I fully acknowledge that the Rays’ stadium situation is terrible, but I don’t get this at all. Last month, Rays owner Stuart Sternberg said that St. Petersburg is “not viable” as a home for the Rays, that he wanted to be in Tampa and, at the very least, wanted the entire region to woo his team as if it were a gift from the heavens above.
In light of that, if you’re the mayor of St. Petersburg, how don’t you simply not say “good luck, Stu!” and see what happens? The Rays are locked in their lease. They have absolutely no leverage to extract anything out of you. Sure, it might be nice if they stayed, but as the mayor of a city with unemployment problems and other priorities, how do you spend even an ounce of time on the Rays’ problems?
Don’t ask St. Pete’s Mayor Bill Foster, because he’s in the paper today talking about various options that might make the Rays happy. He’s submitting them to the city council and then will seek the Rays’ OK.
Look, I don’t for a moment pretend to know the ins and outs of Bay Area politics, but can someone explain to me why cities routinely bend over backwards to make sports franchises happy like this?
The entire Marlins roster will wear the number 16 on the backs of their uniforms in remembrance of pitcher Jose Fernandez, who died in a boating accident on Sunday morning. After that? “No one will wear No. 16 for the Marlins again,” team owner Jeffrey Loria said on Monday evening, as Tyler Kepner of the New York Times reports.
Though Fernandez only pitched parts of four seasons for the Marlins, he already ranks fifth in career WAR in club history, according to Baseball Reference. He also owns the best career winning percentage as well as the second-lowest single-season ERA (2.19 in 2013) and the second-lowest single-season WHIP (0.979 in 2013). Fernandez was already one of the best pitchers in Marlins history and was on his way to becoming a perennial All-Star, if not a Hall of Famer.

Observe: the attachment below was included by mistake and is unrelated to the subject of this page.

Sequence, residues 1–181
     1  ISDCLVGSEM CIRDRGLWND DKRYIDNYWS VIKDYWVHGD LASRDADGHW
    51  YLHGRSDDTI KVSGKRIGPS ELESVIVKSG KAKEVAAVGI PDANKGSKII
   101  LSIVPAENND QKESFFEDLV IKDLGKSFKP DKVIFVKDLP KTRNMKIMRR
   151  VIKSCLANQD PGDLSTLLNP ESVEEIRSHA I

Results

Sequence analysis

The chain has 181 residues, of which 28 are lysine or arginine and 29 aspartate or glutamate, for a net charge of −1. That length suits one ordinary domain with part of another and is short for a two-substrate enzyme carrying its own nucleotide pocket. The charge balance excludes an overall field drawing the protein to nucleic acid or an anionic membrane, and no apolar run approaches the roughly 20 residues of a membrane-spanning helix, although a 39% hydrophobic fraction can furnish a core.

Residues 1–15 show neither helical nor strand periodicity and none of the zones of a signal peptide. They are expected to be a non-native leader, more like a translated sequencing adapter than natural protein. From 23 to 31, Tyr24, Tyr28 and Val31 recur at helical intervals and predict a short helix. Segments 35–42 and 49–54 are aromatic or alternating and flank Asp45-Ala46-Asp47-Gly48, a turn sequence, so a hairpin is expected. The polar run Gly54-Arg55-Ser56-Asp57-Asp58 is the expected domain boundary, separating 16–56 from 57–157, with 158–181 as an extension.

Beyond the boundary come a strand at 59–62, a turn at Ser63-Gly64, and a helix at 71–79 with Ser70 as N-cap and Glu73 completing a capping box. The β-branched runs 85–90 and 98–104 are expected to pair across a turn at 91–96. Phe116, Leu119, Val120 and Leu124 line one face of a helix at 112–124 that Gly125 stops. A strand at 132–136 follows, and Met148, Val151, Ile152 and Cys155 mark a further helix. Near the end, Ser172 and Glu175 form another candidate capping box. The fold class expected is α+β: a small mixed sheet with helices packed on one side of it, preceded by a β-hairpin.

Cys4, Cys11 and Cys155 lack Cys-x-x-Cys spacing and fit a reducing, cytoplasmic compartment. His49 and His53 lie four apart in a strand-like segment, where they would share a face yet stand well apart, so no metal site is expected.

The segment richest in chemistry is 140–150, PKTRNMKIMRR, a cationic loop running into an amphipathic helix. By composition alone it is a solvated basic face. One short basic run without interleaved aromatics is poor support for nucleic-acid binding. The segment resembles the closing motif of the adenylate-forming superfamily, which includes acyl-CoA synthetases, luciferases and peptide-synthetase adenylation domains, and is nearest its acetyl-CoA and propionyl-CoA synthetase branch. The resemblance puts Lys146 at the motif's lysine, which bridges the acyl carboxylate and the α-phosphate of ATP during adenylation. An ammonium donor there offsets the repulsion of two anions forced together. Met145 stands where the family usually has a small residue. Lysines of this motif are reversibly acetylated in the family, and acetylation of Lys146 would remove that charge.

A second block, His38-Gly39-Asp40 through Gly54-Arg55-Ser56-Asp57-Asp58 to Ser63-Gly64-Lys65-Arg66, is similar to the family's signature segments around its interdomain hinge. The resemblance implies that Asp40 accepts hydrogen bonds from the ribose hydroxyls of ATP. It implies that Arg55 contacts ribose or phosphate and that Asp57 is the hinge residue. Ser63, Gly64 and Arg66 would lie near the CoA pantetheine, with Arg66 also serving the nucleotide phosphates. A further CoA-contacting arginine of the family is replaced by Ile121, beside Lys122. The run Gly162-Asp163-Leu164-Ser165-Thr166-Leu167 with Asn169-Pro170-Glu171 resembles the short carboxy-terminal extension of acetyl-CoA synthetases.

Then add to that his outstanding personality and what he meant both to the Marlins organization and to the city of Miami. Loria has gotten a lot of criticism over the years, but he nailed it with this decision.
As Craig mentioned earlier, the Marlins will all wear No. 16 jerseys to honor pitcher Jose Fernandez, who tragically died in a boating accident on Sunday morning. It’s a fitting tribute as the Marlins return to the playing field after Sunday’s game was cancelled.
We don’t often hear about the behind-the-scenes stuff that goes on during these special circumstances. As Clark Spencer of the Miami Herald reports, workers at the Majestic manufacturing facility in Easton, PA — about two hours north of Philadelphia — stayed up all night Sunday night into Monday morning in order to make those custom No. 16 jerseys for the Marlins. They were shipped via air so they would arrive in time for the game tonight.
FanGraphs writer Eric Longenhagen notes how hard those Majestic employees work — often for low pay :
Kudos to Majestic for making a concerted effort to help the Marlins out in their time of need.